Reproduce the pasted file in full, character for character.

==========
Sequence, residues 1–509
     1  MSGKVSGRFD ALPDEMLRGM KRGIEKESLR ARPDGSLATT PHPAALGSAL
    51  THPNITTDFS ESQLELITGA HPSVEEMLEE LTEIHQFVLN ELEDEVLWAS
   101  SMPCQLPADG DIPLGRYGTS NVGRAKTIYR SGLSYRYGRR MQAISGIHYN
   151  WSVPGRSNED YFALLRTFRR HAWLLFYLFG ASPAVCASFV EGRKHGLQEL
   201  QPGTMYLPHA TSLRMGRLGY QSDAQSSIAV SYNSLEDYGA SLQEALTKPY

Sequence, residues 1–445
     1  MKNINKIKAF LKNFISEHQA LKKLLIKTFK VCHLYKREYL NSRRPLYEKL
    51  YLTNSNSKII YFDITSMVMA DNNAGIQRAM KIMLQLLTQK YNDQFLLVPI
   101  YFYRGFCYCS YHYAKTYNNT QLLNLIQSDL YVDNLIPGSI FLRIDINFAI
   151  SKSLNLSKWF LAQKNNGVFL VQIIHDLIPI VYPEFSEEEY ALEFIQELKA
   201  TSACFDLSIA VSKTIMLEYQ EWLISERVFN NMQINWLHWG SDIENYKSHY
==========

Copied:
Sequence, residues 1–509
     1  MSGKVSGRFD ALPDEMLRGM KRGIEKESLR ARPDGSLATT PHPAALGSAL
    51  THPNITTDFS ESQLELITGA HPSVEEMLEE LTEIHQFVLN ELEDEVLWAS
   101  SMPCQLPADG DIPLGRYGTS NVGRAKTIYR SGLSYRYGRR MQAISGIHYN
   151  WSVPGRSNED YFALLRTFRR HAWLLFYLFG ASPAVCASFV EGRKHGLQEL
   201  QPGTMYLPHA TSLRMGRLGY QSDAQSSIAV SYNSLEDYGA SLQEALTKPY

Sequence, residues 1–445
     1  MKNINKIKAF LKNFISEHQA LKKLLIKTFK VCHLYKREYL NSRRPLYEKL
    51  YLTNSNSKII YFDITSMVMA DNNAGIQRAM KIMLQLLTQK YNDQFLLVPI
   101  YFYRGFCYCS YHYAKTYNNT QLLNLIQSDL YVDNLIPGSI FLRIDINFAI
   151  SKSLNLSKWF LAQKNNGVFL VQIIHDLIPI VYPEFSEEEY ALEFIQELKA
   201  TSACFDLSIA VSKTIMLEYQ EWLISERVFN NMQINWLHWG SDIENYKSHY